Performed cannabis analytical characterization can be divided into three main approaches: target analyses, metabolomics (targeted) profiling, and (nontarget) fingerprinting (23). When developing cannabis analyses, one has to deal not only with matrix effects but also simultaneous determination of abundant and minor cannabinoids (24). The advantage of target analyses is the quantification based on the calibration curve of the analytical standards (including internal standards), which is performed after each completed sequence, and the absolute concentrations supplemented by uncertainties are independent of any subsequent analyses, and thus can be easily compared. The opposite situation occurs for screening and metabolomics‑type analyses, where the unavailability of analytical standards makes the transfer of peak intensities to any reference value impossible, and so these results are usually expressed as relative abundances. This relativization is called total ion current (TIC) normalization and is the most common normalization technique. The process of converting the absolute intensities to relative ones by forcing all the sample to have equal total intensity aims to eliminate sources of systematic variation between sample profiles. TIC normalization works well, until the ion intensities exceed the linear range of detector and inconsistent nonlinear changes are observed across peaks (25). However, during LC–MS measurement, specific deviations may occur, which
differ between features. Thus, an algorithm called Quality Control‑Robust LOESS Signal Correction (QC‑RLSC), developed by Dunn et al., was introduced. During QC‑RLSC, a correction curve is interpolated for each feature through the whole analytical run to which the feature is normalized (26). Quality control (QC) samples are usually created by pooling aliquots of all samples in sequence and injecting them during the whole analytical run at the same intervals (every 10 injections) (27). As LC–MS measurement is batch-wise, such prepared QCs can be used as a reference level between batches using the same normalization correction procedure, QC-RLSC (28).

Metabolomics analysis generates big data and their processing should be carefully performed to obtain unbiased interpretation.

This study presents a solution to a problem encountered when handling the data obtained by UHPLC–HRMS/MS analysis of cannabis extracts of two varieties in different time slots. The importance of choosing the relevant chemometric tools for the correct results interpretation is emphasized.

Materials and Methods

Chemicals: All of the LC–MS-grade chemicals (ethanol [EtOH], acetonitrile, 2-propanol [iPrOH]) and mobile phase modifiers (ammonium acetate, acetic acid) were purchased from Merck. Deionized water (H2O) was obtained from a Milli-Q Integral system (Millipore).

Sample Preparation: For the experiment, 30 samples of dried and homogenized cannabis plants (15 samples of Santhica variety and 15 samples of Bialobrzeskie variety, harvested during July–October 2016 in Olomouc and Sumperk locality) were used. A representative sample (0.5 g) was weighed into a centrifuge tube (50 mL), mixed with 20 mL of EtOH, and shaken for 30 min at 240 rpm. The extracts were centrifugated (5 min, 10,000 rpm) and filtered into a 50 mL flask. The solid residue was extracted again using the same extraction procedure and the final pooled extract was made up to 50 mL. Aliquots were transferred into vials for UHPLC–HRMS/MS analysis. All samples were measured in duplicates (in randomized order). QC samples were prepared by pooling 100 µL of each sample and were run together with all the samples in the beginning of the sequence and then inserted after each series of 10 samples in order to check instrument conditions and control the sequence during measurement. Blank samples contained EtOH only.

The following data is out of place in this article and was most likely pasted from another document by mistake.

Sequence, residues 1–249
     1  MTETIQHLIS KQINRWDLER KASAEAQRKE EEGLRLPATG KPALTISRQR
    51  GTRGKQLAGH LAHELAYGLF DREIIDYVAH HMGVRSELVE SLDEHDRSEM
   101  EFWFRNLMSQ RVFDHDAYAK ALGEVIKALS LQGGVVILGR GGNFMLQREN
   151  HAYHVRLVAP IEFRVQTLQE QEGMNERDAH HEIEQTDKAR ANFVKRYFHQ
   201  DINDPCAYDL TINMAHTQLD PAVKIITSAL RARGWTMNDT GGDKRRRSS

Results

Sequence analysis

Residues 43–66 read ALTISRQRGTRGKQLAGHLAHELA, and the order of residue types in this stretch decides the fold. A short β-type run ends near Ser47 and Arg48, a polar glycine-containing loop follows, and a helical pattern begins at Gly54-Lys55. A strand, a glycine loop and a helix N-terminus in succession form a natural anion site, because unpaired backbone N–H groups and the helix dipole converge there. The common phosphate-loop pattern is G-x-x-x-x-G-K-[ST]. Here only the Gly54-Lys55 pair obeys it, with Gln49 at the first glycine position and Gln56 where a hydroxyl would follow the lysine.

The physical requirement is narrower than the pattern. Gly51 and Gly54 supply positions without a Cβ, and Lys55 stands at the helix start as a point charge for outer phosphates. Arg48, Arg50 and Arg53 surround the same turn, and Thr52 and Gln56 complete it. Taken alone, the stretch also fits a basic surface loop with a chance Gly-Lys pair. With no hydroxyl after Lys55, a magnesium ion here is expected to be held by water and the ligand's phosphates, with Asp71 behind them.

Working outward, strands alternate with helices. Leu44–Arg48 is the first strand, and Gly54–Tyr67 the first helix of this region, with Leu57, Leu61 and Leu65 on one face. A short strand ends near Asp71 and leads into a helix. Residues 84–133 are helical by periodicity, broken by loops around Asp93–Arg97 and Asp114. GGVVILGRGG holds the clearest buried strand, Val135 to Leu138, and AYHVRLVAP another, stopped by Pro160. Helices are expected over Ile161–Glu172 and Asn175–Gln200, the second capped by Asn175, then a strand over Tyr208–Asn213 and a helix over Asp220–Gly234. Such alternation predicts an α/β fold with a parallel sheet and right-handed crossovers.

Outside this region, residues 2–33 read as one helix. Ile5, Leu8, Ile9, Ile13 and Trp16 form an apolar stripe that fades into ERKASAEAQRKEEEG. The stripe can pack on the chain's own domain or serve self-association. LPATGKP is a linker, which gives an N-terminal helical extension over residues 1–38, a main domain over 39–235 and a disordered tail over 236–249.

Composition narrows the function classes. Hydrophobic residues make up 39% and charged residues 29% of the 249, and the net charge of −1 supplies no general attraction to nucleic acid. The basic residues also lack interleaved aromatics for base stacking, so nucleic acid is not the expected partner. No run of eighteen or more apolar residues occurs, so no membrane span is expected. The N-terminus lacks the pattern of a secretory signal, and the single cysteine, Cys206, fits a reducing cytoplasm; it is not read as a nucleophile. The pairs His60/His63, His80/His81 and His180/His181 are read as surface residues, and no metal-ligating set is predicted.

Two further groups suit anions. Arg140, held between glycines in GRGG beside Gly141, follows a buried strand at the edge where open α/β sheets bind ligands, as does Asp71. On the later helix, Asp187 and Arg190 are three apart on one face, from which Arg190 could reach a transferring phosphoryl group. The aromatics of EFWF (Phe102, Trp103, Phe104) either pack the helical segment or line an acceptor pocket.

Instrumental Analysis: For the metabolomics analysis, an UHPLC system (Infinity 1290, Agilent) coupled with a high-resolution tandem mass spectrometer (6560 Ion Mobility QTOF LC–MS, Agilent) was employed. Chromatographic separation was performed using a 2.1 × 150 mm, 1.7-μm Acquity BEH C18 column (Waters). The mobile phase consisted of (A) 5 mM ammonium acetate in a mixture of 95:5 H2O–acetonitrile (v/v) with 0.1% acetic acid and (B) 5 mM ammonium acetate in a mixture of 75:20:5 iPrOH–acetonitrile–H2O (v/v/v) with 0.1% acetic acid and the following elution gradient was used: 0.0 min (100% A, 0.3 mL/min), 0.5 min (100% A, 0.3 mL/min), 4.0 min (35% A, 0.3 mL/min), 4.01 min (35% A, 0.2 mL/min), 8.0 min (22.5% A, 0.2 mL/min), 13.0 min (0% A, 0.2 mL/min), 13.01 min (0% A, 0.35 mL/min), 18.0 min (0% A, 0.350 mL/min), 18.01 min (100% A, 0.3 mL/min), 20.0 min (100% A, 0.3 min/mL). The column temperature was maintained at 60 °C, the injection volume was set to 1 µL. The autosampler was kept at 10°C. The mass spectrometer was operated in the positive ionization mode (ESI+)/negative ionization mode (ESI-) using auto MS/MS acquisition mode in the mass range 100–1000 mass-to-charge ratio (m/z) under the following conditions: gas temperature, 280/300 °C; drying gas, 12 L/min; nebulizer pressure, 40/25 psig; sheath gas temperature, 350/370 °C; sheath gas flow, 12 L/min; nozzle voltage, 400 V; fragmentor voltage, 380 V; octopole radiofrequency voltage, 750 V; capillary voltage, 3500 V.